When it comes to diagnosing cancer, radiologists examine digital images and pathologists scrutinize slides. Only occasionally do the two collaborate prior to meetings of the tumor board or multidisciplinary team (MDT). Wouldn’t it better serve all parties involved—oncologists, surgeons and, first and foremost, patients—to unite the two main diagnosticians in a common, speedy workflow that launches the moment each sits down to interpret his or her respective visuals?
For sure and we are on the path, says Daniel du Plessis, MD, of Salford Royal Hospital NHS Foundation Trust, a 728-bed hospital in Salford, U.K., and one of the sites that has piloted a digital pathology system in development by Sectra. Du Plessis specializes in neuropathology and leads the institution’s Department of Cellular Pathology. He and a colleague were part of a 6-month pilot utilizing the Sectra solution.
“There are some things for which the microscope will always be my fallback tool, but, as a first port of call, the digital images are vivid and, in many ways, superior,” says du Plessis.
Enabling better cancer care
Making things better for pathology and radiology is a Sectra objective. “Our vision is to provide a diagnostic solution where the pathologist does not need to use the microscope and he or she can easily share and take part of findings with radiology and other specialties,” says Simon Häger, Sectra’s digital pathology product manager. “Cancer care providers should be able to access all relevant imaging and information for patients in one system to create a more accurate diagnosis in much less time. It will be a big improvement over today, where we have totally different departments and very limited exchange of information.”
Häger has helped lead the charge as Sectra has developed and now launched a digital pathology system built on the same platform as Sectra’s radiology PACS. By reducing or eliminating the cumbersome handling of glass slides, the solution frees up pathologists to compare many slides at once while remaining in an upright, ergonomic position. Undistracted by discomfort, poring over high-resolution scans of slides on computer monitors—much like radiologists viewing imaging scans—they navigate sections of stains easier, compare stains faster and combine efforts with radiologists sooner.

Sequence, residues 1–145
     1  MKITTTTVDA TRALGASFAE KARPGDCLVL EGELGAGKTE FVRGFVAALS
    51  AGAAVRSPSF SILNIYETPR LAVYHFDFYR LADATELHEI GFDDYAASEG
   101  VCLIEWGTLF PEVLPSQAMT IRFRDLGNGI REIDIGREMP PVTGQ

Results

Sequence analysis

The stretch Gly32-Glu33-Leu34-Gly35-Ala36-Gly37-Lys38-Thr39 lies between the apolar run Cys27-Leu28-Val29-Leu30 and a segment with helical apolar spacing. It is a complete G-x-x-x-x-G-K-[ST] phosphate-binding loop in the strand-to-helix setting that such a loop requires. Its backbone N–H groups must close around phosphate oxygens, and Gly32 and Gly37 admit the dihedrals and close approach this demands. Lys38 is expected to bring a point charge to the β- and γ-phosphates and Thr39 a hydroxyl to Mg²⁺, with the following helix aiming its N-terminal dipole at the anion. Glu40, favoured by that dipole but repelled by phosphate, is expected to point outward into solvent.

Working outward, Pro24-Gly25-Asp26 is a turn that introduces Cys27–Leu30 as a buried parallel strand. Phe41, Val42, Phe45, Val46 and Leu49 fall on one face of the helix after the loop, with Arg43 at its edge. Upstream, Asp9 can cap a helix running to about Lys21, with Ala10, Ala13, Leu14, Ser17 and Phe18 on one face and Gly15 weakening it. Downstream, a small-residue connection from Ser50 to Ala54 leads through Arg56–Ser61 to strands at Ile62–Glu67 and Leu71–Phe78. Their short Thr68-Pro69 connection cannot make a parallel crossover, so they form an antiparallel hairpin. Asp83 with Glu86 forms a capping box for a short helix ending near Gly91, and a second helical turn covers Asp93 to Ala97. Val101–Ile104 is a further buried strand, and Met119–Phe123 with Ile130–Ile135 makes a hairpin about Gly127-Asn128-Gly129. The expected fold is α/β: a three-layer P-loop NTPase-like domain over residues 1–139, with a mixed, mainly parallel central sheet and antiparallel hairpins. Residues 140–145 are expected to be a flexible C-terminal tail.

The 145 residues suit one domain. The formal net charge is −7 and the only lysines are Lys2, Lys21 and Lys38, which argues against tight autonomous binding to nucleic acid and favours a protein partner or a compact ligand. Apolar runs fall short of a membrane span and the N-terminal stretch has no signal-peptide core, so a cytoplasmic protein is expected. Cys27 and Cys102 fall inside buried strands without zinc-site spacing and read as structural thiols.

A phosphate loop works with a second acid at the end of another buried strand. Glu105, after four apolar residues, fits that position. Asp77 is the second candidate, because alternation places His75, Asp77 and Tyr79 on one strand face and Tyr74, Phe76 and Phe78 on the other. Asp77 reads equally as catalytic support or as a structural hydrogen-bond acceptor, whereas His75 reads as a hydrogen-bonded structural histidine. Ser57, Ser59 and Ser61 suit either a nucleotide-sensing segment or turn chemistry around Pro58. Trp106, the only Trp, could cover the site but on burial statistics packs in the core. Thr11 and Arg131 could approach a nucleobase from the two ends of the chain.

The improved teamwork, he says, will allow early cross-specialty review of not only reports but also of images, the end result being better accuracy, efficiency and service to the interventional members of the cancer care team.
A must for the MDT
It becomes apparent the success of the coming “rad-path” alliance rests on the willingness of pathology to embrace Digital Age capabilities.
Häger is convinced that, once pathologists get a taste of the new way, the technology will make a lot of new friends.
As things tend to work right now, attendees of MDT meetings look at radiology images projected from a PACS. In striking contrast, most pathology departments haven’t gone digital yet, Häger points out. “Because digital pathology images are so large, pathologists have not been given the opportunity until now to utilize PACS technology with high performance. The available and most common way has until now been to carry in their microscopes and project their slides onto the wall where sometimes the other physicians in the room have to wait. This can be very time-consuming,” and, considering the attendees, “the MDT meeting is probably the most expensive meeting in the hospital.”
And that’s just at the MDT meeting. Pathologists’ preparation often means assigning staff to identify and pull slides for patient cases to be reviewed at the meeting, then navigating the relevant slides for key sections. It’s not hard to imagine how all of this is much less laborious using a computer and an ergonomic interaction device rather than a microscope and slides. So it is that the digital system facilitates both MDT preparation and MDT presentation.
“One of the best parts of preparing with the digital solution is the capability to make comments and mark noteworthy features right over the images,” says Häger. “With physical slides, this is so time-consuming that a lot of pathologists end up doing it on their own time, after work hours.”
Mitigating the fatigue factor
Du Plessis is one neuropathologist who can relate. Ease of handling is just one of many benefits he reports enjoying with the Sectra system. “What stood out to me was the confidence I felt in navigating